Jan has kindly invited me to submit a guest shoot on MPBM with a few samples from my recent assignments.  This is indeed a great privilege and a great honour as I know full well the calibre of his reading audience and the high regard with which he is held, so thank you for sharing your wonderful wall with me Jan.

The first shot I have included is of a beautiful Frangipani flower – it reminds me so much of life in PNG.  Very simple, but the colours are like a delicious bowl of tropical fruit – thus it’s common name I guess – “fruit salad plumeria” –  almost looks good enough to eat, but I can tell you from childhood experience they taste like “beep beep”

“True Balance” was a bit of fun, a Sunday afternoon project during a beach walk with my family.  I spent ages playing with this one -a simple stack of washed beach rocks towered up and balanced precariously as the waves threatened to knock it crashing into the foam while I darted in and out of the waves and avoided dunking my camera in the sea.  I can still hear the giggles and the yells of “No!” as I got the last shot and a big dumping wave washed it all away.

“Nature’s Treasure” was taken the same day and I love the fragility of this tiny perfect shell cradled in my little daughter’s hand.  There was no way she was going to let this one go – even whilst I tried to capture the image she clung tight and squealed when the waves got too close and threatened to wash her new jewel back into the sea from where it came.  I remember well the beautiful shells we found in PNG and that same feeling I experienced as a little girl when a lovely cowry shell caught my eye, and for a moment I had a tear in my eye for my little girl was experiencing that same wonderful gift of God’s finest creations.

The next group of shots were taken in one of my latest assignment submissions.  The project with which I was charged was to shoot a variety of images for a magazine shoot – to reflect “a sense of place” – to capture the essence of Townsville in a handful of shots.  So I give you now a quick visit to my lovely home town.  I hope one day you will venture here too, for it like Madang is a beautiful and relatively unknown part of the world.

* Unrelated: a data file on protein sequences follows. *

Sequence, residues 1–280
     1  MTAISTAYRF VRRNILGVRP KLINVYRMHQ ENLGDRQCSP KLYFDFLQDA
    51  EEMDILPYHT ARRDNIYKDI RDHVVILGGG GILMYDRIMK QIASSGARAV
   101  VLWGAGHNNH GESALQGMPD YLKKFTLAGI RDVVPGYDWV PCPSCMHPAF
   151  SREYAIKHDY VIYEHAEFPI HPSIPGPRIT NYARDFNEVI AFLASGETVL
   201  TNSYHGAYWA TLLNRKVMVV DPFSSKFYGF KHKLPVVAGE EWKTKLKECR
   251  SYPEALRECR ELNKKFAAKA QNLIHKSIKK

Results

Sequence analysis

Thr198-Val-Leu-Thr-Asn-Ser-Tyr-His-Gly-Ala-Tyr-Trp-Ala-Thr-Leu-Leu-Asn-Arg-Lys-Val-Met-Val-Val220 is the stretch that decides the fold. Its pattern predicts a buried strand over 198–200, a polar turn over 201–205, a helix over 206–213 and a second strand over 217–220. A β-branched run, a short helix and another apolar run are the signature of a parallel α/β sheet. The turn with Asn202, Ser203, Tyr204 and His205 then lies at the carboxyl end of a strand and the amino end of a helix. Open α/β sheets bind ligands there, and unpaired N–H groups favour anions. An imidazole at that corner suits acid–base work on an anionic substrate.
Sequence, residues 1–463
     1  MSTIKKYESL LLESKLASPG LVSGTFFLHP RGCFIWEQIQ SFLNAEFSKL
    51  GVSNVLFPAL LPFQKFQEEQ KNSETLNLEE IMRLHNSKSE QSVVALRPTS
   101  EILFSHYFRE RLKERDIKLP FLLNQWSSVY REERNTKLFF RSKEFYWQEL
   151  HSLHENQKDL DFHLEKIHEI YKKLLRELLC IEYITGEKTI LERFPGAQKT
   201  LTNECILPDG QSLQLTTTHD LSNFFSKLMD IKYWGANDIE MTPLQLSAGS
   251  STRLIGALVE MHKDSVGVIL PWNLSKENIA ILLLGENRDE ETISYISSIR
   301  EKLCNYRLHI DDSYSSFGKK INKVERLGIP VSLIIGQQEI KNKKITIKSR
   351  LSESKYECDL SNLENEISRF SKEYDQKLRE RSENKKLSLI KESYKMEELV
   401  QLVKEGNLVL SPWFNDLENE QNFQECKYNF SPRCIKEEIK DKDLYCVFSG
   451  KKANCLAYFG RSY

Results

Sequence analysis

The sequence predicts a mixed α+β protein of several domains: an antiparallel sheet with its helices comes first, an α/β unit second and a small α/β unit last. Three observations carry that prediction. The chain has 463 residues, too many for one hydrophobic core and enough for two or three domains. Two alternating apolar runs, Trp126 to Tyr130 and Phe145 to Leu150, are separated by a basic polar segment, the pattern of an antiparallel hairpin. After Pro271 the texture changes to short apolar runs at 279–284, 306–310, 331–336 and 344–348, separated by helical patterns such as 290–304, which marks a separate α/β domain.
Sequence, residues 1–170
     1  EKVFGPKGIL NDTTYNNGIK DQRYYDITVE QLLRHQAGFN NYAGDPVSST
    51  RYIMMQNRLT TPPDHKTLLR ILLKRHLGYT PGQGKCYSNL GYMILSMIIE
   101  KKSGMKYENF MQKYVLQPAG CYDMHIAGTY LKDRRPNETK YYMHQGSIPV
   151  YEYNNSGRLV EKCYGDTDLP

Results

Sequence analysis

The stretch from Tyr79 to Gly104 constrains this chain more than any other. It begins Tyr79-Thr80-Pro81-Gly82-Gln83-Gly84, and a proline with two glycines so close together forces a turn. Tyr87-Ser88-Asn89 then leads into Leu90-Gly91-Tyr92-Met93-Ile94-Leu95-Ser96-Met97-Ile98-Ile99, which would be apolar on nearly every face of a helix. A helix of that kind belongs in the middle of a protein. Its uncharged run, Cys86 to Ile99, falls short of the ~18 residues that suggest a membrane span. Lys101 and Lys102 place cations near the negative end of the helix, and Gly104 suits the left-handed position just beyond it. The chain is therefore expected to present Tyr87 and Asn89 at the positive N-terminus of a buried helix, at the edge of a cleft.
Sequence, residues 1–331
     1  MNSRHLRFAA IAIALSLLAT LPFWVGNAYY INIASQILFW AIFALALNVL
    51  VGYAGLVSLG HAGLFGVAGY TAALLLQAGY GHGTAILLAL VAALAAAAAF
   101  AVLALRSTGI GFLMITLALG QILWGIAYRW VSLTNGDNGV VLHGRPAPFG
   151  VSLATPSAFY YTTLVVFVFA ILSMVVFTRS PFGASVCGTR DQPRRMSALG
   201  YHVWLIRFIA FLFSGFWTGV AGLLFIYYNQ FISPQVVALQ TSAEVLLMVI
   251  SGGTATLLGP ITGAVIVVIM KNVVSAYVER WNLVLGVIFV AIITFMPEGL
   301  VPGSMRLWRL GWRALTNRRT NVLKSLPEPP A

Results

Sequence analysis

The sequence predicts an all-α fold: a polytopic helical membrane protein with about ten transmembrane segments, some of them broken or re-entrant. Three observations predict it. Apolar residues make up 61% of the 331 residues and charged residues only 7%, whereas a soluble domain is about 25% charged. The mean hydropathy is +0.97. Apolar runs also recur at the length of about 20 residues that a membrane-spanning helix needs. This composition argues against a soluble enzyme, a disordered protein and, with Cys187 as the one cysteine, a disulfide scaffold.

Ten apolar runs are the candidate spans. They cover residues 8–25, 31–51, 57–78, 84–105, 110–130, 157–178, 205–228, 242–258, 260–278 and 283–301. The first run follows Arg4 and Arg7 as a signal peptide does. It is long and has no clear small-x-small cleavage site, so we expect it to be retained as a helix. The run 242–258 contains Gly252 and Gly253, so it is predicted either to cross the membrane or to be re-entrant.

I’ll start you off with a lovely view across the bay – shooting back across the water and looking towards Castle Hill with the cheeky Red Baron bobbing in the foreground.  Castle Hill is an iconic Townsville landmark.  There is a strong hill climb culture in this town – new comers are challenged to climb the slopes, whilst many locals are amused by these silly antics and still proclaim that there is no need to climb that which one can drive up in a car.  After 4 years living here I finally mustered the courage to climb the hill and now climb it weekly.  The sense of accomplishment is fantastic and invigorating, some would even say therapeutic.  There are many that run, cycle or climb it regularly and it is considered by many to be a ritual or a right-of-passage to be considered a true local.  The Red Baron is a lovely old floating bi-plane that offers scenic tourist flights over our fair city and Magnetic Island.  It is a pleasure I am yet to experience, but the looks on the faces are certainly priceless as it does low fly-overs and buzzes the unsuspecting tourists lying on the beach.